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Our sleep consultant explained this pretty well: if your baby is crying when he wakes up, he/she most likely didn’t get enough sleep. It is important to keep in mind that anything under 45 minutes (a full sleep cycle) is a “disaster nap”. This can be fixed over time through sleep training methods. Liam used to wake up at the 35-40 minute mark until we helped him learn to self-soothe. He is now able to put himself back to sleep after these mini wake-ups throughout the day and night.

Naps should be about 1-2 hours long, but keep in mind that the amount of night sleep directly affects how much your baby will sleep during the day. I would suggest not rushing into your baby’s room the minute he/she wakes, and if short naps are common, even waiting about 30 minutes before entering the room. That is the only way to teach your baby to fall back asleep on his own… He/she most likely still needs the extra snooze time!

Cat naps can, however, be useful during nap transitions.  Before Liam transitioned to two naps per day (1o am and 3 pm), he was taking an additional 20-30 minute cat nap around 4:30pm. This was useful to make sure he didn’t get cranky before bedtime – he just needed a tiny bit of sleep to hold him over until then!

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If your baby becomes whiny and extra clumsy, that could be a sign he/she is extra tired. Aside from the obvious yawns, Liam also rubs his eyes and ears when he is ready to go to sleep. This is a clear indication that your baby needs sleep… so don’t ignore the cues!

I recommend writing down when your baby naturally goes to sleep so that you can have a more predictable schedule. This has worked very well for us, especially as we got close to nap transitions. You can really see the new sleep patterns emerge!

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Naps are much harder to fix than night sleep… We tackled both together (although our sleep consultant recommended doing one at a time) and are really glad we did because of how well Liam adjusted. Here are a few tips:

  • Ditch the sleep props. Yes, I mean rocking, pacifiers, and even feed to sleep. We thought this would be mission impossible, and turns out it was the easiest adjustment for Liam. Remember that the more you step in to help soothe your baby before bed (I know you mean well!), the more he/she will rely on you to be there if he wakes up before he/she should. Even if your baby is a great sleeper, things may change down the road with growth spurts and regressions: you want to make sure your child has all the tools he/she needs to cope with them!
  • Don’t rush into your baby’s room. We used to do this because we were under the impression that Liam needed us to put his pacifier back in or rock him back to sleep. Yes, he did fall back asleep with our help, but this just leads to a vicious cycle. Let your baby figure it out, even if it means letting him whine for 30 minutes after waking up. After 30 minutes (sometimes a little longer, keep an eye on him on the monitor!), your baby should go right back to sleep. Even if it’s only for 10 minutes, that’s great, you taught him how to soothe himself back to sleep. He will gradually get better and better at it!
  • Dark blinds, a quiet room, and a lovey. These three components are essential for Liam to nap well. He is very sensitive to the noise level in the house and goes down significantly quicker if the room is dark. He also needs something to cuddle up with, and these loveys are his favorite.
  • Skipping naps is never a good idea. No, a missed nap won’t lead to better night sleep. Missed naps lead to more missed naps! If your baby has a bad nap, you may need to even have an earlier bedtime to compensate.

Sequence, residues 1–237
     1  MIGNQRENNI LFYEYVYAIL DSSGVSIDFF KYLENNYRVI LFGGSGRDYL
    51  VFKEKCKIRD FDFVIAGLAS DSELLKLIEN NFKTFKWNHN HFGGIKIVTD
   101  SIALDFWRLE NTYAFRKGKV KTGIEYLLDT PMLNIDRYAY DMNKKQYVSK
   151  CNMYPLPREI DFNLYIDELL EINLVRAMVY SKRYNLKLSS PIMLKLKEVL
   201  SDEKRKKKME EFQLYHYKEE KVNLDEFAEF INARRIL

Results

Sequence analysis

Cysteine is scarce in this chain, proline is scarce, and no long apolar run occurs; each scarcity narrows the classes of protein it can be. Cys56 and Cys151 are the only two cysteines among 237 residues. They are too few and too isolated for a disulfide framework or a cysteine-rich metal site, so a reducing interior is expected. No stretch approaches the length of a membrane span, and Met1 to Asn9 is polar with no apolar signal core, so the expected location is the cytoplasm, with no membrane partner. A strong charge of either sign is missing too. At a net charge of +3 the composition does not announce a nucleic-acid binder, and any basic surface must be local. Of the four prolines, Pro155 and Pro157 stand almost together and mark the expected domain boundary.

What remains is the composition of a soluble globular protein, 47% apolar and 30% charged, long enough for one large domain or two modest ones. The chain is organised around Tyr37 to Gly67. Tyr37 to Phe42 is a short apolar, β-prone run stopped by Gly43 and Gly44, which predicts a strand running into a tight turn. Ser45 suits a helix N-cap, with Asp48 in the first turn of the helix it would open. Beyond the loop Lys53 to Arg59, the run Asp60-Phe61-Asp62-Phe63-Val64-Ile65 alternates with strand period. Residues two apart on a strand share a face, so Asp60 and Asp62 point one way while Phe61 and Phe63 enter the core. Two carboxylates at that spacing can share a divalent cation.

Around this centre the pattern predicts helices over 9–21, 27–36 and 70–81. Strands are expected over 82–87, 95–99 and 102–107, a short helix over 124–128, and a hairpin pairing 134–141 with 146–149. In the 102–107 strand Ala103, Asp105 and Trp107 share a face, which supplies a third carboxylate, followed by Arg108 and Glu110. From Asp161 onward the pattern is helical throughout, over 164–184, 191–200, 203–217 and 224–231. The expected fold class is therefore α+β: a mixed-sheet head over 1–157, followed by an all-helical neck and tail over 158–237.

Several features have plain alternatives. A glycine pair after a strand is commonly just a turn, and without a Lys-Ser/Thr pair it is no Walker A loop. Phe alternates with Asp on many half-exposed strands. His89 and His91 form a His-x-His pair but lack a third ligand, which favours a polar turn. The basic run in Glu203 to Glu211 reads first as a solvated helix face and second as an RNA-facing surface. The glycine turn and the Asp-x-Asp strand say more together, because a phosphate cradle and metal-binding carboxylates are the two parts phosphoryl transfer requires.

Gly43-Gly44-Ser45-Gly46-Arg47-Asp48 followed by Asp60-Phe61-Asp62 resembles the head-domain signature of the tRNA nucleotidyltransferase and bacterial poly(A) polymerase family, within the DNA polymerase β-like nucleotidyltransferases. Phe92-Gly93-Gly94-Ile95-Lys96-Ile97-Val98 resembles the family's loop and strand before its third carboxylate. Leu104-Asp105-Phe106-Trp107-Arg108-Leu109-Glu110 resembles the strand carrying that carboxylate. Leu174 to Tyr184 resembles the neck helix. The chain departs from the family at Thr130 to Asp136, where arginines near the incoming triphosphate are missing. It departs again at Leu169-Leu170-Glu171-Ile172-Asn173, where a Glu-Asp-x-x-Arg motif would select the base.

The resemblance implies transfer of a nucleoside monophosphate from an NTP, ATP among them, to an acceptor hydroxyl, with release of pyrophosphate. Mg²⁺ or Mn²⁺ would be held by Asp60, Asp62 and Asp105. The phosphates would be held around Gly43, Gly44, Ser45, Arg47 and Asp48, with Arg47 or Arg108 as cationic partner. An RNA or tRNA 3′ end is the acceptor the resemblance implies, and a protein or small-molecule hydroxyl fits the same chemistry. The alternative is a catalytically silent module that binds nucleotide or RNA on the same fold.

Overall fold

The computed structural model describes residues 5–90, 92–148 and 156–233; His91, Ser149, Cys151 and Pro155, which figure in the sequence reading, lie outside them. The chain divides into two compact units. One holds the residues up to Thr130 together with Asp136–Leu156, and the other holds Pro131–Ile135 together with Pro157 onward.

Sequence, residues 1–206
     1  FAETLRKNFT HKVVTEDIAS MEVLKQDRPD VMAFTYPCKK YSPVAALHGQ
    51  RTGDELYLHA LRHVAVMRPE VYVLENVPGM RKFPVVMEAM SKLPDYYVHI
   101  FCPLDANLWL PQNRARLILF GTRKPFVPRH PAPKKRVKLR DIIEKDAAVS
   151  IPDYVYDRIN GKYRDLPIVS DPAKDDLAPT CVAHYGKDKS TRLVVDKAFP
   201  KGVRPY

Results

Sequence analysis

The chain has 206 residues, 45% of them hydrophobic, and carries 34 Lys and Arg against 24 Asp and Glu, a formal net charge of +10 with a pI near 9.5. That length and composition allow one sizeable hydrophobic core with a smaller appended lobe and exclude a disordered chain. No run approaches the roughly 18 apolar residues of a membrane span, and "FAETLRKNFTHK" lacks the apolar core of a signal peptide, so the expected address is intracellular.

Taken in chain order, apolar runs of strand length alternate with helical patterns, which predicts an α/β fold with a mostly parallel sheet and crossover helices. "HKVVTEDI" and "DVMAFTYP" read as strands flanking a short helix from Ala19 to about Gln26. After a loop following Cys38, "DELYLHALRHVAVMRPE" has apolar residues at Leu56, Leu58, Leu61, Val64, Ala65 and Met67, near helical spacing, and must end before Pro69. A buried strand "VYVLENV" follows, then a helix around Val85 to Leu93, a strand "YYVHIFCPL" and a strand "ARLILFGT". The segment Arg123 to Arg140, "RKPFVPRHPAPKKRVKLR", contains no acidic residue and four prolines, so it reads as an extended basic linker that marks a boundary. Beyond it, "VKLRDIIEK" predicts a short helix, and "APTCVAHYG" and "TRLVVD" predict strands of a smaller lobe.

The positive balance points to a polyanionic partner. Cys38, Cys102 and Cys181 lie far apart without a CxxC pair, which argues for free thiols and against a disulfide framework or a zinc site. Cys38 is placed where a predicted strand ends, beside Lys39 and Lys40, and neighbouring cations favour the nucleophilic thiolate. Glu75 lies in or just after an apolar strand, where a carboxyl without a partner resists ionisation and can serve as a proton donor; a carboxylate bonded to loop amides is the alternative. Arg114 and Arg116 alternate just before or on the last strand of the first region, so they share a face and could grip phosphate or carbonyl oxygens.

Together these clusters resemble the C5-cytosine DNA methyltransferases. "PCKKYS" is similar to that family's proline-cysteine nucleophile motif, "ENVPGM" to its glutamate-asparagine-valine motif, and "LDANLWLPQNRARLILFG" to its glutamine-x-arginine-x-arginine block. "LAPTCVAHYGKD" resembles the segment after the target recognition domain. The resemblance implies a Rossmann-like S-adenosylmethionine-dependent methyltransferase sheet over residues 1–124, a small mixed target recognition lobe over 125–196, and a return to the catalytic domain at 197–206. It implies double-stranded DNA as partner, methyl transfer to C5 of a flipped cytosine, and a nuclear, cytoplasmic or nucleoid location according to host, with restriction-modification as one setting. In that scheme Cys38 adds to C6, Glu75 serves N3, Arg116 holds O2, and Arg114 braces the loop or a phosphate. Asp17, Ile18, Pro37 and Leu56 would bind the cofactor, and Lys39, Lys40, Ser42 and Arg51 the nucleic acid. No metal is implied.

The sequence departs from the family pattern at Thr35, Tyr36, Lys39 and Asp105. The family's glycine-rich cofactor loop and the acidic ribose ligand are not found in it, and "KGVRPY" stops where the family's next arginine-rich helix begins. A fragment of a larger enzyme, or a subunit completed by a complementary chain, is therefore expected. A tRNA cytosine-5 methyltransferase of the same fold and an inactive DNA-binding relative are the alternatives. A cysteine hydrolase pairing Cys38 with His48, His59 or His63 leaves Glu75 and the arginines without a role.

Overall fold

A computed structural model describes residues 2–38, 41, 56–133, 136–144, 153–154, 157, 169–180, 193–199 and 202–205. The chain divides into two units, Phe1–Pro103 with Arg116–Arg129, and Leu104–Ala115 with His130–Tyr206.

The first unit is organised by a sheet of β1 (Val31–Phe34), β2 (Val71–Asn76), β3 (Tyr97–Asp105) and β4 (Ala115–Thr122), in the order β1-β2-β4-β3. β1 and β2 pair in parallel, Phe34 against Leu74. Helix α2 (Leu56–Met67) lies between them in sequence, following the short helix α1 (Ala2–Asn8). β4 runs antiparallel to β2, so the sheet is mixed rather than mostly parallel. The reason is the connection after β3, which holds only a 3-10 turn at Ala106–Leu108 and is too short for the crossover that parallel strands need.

• If your baby is refusing a nap, take a quick break and try again. The key is to do a “dramatic” wake up: come in the room, turn the lights on, and say “good morning!” or “good afternoon!” to indicate that your baby has “completed” a nap (even if he/she hasn’t.) Then, wait 10-15 minutes and try again from scratch.
  • Bad days happen. Don’t immediately assume that because your baby doesn’t nap well one day that he is ready for a nap transition. It can be caused by a variety of factors including developmental leaps and growth spurts. So be patient and remember that you are dealing with a little human being, not a robot!

In the end, I think it’s essential for parents to be in tune with their babies’ physiology. Don’t schedule appointments or classes during nap time and put your foot down if anyone asks you to work around it for their own personal needs. Same goes with an early bedtime!  The most important thing is to have a healthy, happy baby and the value of sleep in this equation should never be underestimated. I see it every day with Liam and will never compromise his sleep schedule for my own personal needs, especially knowing what his temperament needs are. His comfort is my priority!

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Johanna Riehm teaches in the department of Communication and Media at Manhattanville College and in the department of English at Mercy College. She teaches courses in the history of communication, public speaking, and social media, as well as creative and technical writing workshops. Johanna’s work has been featured in Graffiti Literary Magazine, The Write Place at the Write Time, The Bangalore Review, Cactus Heart Press, and the LaMothe Review. She is working on her first longer work, a creative nonfiction novel called We Carved Our Names in Tamarind Trees.

3 thoughts on “Why We Prioritize Our Son’s Naps (And You Should Too)

  1. Love this and wish I had read this 5 years ago when my son was having sleep problems. He went from a colicky infant to a napless 4-6 month year old. I finally read a book that helped me get him on a sleep schedule and it was life changing. I’m always jealous of people who have the easy going kids that can nap anywhere but both of my kids need to be in their beds to sleep.

    Liked by 1 person

  2. Yes!! I agree so much. Naps are an absolute must for both my babies. I may “lose out” on activities for the next few years, but it’s so important that babies sleep and sleep well! My happy babies are all the proof I need!

    Liked by 1 person